Every year I try to round up an ever-increasing list of memorable things I’ve eaten. They might not be the tastiest or the “best”, but they’re food experiences that have stuck out for me over the past 12 months.
Read below for the full details. As always, the list is in no particular order.
1. Chicken, parsnips and sesame at Relae, Copenhagen
Relae is Christian Puglisi’s fully organic one Michelin-starred restaurant in Copenhagen, and in my view it’s one of the most exciting restaurants in the world today. A fully organic, five-course, Michelin-starred meal for around A$70? To be able to do that takes not just great cooking, but great thinking and management, too.
2. Kaya toast wafers, Tong Ah, Singapore
I have a real weakness for kaya toast (a coconut jam from Malaysia and Singapore served with thick slices of cold butter inside fluffy-crispy grilled bread). The wafer-style variety from Tong Ah in Singapore is the real deal.
3. Norwegian Toddy, Svalbard, Arctic Circle
After 8 hours snowmobiling in -20C conditions to find wild polar bears in the archipelago of Svalbard, this warm blackcurrant cordial was surprisingly perfect. We found a bear, too!
4. Swedish Pizza at Restaurant Casablanca, Hasselholm, Sweden
Here’s what you need to know about Swedish pizza. The “Africana” is topped with ham, banana, peanuts and curry powder, and the “Kebab pizza” is basically a kebab, but in pizza form.Depending on how you look it at it, Swedish pizza is either a stroke of genius or an abomination. I think it’s a little of both.
5. Bone marrow, gold caviar and fermented pumpkin at Frantzén, Stockholm, Sweden
This was the knock-your-socks-off dish from one of the best meals we had in Scandinavia, at the Japanese-Scandinavian influenced, two Michelin-starred Frantzén in Stockholm.
6. Fish and chips, Clonnies at Clontarf, Sydney
You’d be surprised at how hard it is to find a good fish and chips, even in Australia. Too often people try to overcomplicate it, fancy it up, or drown it in oil. Just some fresh flathead tails, decent chips, some tartare sauce and a handsome wedge of lemon is all you need. Well, that and a seagull to share the chips with.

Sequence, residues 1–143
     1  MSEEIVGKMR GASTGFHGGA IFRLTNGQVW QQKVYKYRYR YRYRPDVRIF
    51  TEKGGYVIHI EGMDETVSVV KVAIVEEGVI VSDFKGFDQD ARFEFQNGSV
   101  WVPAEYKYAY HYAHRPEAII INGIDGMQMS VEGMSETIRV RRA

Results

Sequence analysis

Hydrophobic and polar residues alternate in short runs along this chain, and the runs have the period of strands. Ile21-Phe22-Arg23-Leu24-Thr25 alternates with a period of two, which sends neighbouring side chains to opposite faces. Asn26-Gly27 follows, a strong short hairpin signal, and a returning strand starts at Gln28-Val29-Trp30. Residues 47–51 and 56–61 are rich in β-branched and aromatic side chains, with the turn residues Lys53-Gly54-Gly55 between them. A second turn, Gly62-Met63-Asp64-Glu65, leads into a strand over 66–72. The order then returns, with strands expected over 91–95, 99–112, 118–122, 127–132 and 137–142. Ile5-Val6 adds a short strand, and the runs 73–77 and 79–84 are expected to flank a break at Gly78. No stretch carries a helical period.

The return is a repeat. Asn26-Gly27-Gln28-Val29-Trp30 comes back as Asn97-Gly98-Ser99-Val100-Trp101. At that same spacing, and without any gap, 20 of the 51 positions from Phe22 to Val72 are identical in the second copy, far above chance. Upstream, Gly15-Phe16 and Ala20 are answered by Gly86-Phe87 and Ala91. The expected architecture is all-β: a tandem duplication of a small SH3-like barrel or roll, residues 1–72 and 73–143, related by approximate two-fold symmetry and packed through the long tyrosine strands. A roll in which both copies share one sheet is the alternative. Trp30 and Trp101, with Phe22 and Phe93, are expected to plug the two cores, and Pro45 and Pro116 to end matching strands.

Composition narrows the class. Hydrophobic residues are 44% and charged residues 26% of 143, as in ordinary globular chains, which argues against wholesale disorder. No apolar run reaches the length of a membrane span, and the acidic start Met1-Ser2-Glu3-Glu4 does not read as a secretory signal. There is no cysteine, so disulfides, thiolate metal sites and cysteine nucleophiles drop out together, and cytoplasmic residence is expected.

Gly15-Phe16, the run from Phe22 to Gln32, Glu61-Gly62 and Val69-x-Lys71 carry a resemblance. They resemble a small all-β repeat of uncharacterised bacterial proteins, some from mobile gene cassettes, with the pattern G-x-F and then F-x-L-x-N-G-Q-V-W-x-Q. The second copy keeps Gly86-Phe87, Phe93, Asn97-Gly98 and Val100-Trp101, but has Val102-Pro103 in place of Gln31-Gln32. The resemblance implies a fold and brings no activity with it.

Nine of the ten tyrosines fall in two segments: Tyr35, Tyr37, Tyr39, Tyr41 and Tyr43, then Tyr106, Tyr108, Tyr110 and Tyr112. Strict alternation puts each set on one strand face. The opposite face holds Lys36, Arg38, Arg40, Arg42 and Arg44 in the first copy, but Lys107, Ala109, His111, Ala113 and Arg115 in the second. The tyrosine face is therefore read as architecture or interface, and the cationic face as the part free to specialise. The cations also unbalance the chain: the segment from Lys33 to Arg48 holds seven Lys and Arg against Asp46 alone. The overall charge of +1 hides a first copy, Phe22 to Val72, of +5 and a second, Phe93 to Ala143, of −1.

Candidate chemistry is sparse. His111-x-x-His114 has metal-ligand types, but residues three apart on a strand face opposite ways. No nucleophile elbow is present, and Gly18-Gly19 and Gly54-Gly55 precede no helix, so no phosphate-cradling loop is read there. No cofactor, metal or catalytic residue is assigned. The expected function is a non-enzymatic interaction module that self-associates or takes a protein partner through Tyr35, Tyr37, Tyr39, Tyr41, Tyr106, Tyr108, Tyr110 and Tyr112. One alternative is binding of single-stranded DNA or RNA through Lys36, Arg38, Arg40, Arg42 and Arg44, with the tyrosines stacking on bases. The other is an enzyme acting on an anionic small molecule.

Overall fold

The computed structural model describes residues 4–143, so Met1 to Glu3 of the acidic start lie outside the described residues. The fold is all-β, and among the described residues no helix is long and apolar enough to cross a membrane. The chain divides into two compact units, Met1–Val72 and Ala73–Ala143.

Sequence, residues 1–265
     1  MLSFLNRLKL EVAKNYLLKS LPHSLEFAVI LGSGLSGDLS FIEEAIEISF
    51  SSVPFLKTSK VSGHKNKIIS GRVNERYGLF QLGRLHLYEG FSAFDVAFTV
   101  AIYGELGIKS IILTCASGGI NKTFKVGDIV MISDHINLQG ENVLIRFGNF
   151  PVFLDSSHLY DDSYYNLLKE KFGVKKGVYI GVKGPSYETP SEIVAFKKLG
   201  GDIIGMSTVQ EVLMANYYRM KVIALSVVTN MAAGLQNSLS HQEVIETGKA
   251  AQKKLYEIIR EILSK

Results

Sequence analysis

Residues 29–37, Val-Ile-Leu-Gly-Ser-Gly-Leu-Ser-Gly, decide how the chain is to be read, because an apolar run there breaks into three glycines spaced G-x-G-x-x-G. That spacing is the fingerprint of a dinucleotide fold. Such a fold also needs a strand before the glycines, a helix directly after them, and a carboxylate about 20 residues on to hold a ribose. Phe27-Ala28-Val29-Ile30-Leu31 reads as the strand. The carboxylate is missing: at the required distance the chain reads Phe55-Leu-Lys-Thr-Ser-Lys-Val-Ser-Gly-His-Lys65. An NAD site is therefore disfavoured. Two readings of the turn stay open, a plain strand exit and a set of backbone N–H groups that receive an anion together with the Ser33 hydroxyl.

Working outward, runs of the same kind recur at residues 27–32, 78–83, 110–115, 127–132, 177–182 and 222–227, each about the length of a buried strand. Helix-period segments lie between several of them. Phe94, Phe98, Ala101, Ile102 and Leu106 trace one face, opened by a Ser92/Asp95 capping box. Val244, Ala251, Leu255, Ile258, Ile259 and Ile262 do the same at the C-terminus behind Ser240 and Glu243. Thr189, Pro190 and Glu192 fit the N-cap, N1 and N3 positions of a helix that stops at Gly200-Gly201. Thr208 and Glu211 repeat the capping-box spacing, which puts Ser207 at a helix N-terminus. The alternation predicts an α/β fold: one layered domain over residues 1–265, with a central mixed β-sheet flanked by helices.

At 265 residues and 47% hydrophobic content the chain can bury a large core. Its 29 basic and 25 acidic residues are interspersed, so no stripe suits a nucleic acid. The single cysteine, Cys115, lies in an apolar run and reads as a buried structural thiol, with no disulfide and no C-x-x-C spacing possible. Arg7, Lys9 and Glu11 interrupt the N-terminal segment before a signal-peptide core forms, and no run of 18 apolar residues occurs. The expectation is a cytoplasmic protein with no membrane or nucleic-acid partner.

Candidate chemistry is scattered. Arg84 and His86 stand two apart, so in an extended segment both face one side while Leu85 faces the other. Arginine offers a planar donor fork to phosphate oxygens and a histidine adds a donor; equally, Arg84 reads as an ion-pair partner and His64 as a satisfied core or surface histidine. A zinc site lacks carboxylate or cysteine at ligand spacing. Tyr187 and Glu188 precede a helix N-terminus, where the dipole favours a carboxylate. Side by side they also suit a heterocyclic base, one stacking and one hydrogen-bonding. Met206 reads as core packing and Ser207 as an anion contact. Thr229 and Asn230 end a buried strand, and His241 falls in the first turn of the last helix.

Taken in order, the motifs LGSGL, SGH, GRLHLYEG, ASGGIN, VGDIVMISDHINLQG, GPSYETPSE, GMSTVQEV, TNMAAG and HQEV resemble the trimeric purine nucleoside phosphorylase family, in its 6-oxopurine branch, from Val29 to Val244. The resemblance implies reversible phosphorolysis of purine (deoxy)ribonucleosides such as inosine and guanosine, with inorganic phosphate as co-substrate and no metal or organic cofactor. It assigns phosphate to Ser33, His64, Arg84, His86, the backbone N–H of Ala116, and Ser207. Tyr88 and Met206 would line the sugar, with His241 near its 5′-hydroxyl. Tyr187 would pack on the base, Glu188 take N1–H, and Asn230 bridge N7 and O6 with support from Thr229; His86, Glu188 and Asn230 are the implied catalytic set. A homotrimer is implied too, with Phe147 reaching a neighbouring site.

7. Semla at Grillska Huset, Stockholm, Sweden
This is a favourite Swedish Fat Tuesday (Shrove Tuesday) bun that’s so popular it’s now available all year round. It’s a bready cardamom bun filled with cream and marzipan. It tastes like you’d think it’d taste. You can’t visit Sweden without eating one.
8. Coal-toasted Meringue, outside Albany
Yoda from Fervor food in WA does fantastic stuff. Clever, native-influenced Australian food informed by his experiences at some of Europe’s best Michelin-starred fine diners. This meringue was from a course-for-course dinner we did together in a woolshed just outside Albany WA. It was toasted by pressing hot coals into it and served with native Australian berries and double cream.
9. Bug tails at Hotel Hotel & Monster, Canberra
As someone who spends more than 6 months of each year on the road, I’m a big fan of room service in all its forms, from early breakfasts to late night cheeseburgers. These bug tails at Hotel Hotel in Canbera (cooked by Monster, downstairs) have recalibrated my expectations of what’s possible to eat in bed while watching telly.
10. Air on Air on Air, Geist, Copenhagen
This was dinner on my first night in Copenhagen. I’d seen this dessert before on Instagram and it didn’t disappoint. It was like eating three different clouds.
11. BB-8 Cake, Sydney
Just after the Star Wars premiere, Disney sent me this cake (thankfully just in time for my Star Wars-mad neice’s 10th birthday). I was just happy to stop my son from swallowing the whole thing before she had a chance to see it.
12. Roast chicken in cream with Lammefjord vegetables and weeds, Dragsholm Castle Bistro, Denmark
Never underestimate the impact of a simple dish done well. Ex-Noma chef Klaus Thomsen moved out into the countryside to run the kitchen at Dragsholm Castle and I can see why. These vegetables are exceptional.
13. Wantan mee at Yulek, Cheras, Malayasia
I was in Malaysia recently writing a piece for The Sydney Morning Herald on places to eat in Kuala Lumpur. If you’re heading there you should put this wantan mee at the top of your list.
You can read the whole piece here.
14. Butter-poached marron at Sepia, Sydney
To be honest, I can’t even remember what it was served with, but this off-menu WA marron at Sepia was extraordinary.
15. 150-day aged Angus scotch fillet at Firedoor, Sydney
With meat it should always, always be quality above quantity. This had plenty of both, but shared between three it was just right. One of the best bits of meat I’ve eaten.
16. Smoked reindeer, The mountains outside Tromso, Norway
After a long day herding reindeer on snowmobiles, it might seem strange to then cook reindeer on an open fire. This was the end of a fantastic day spent with Scandinavia’s indigenous Sami.
17. Mahogany Clam, Maaemo, Oslo, Norway
The idea of eating something that’s 200 years old (yes, really) is bizarre at best, but these clams are completely sustainable. There are millions of them on the cold sea floor around Norway. I ate this one at Norway’s best restaurant, the two Michelin-starred Maaemo.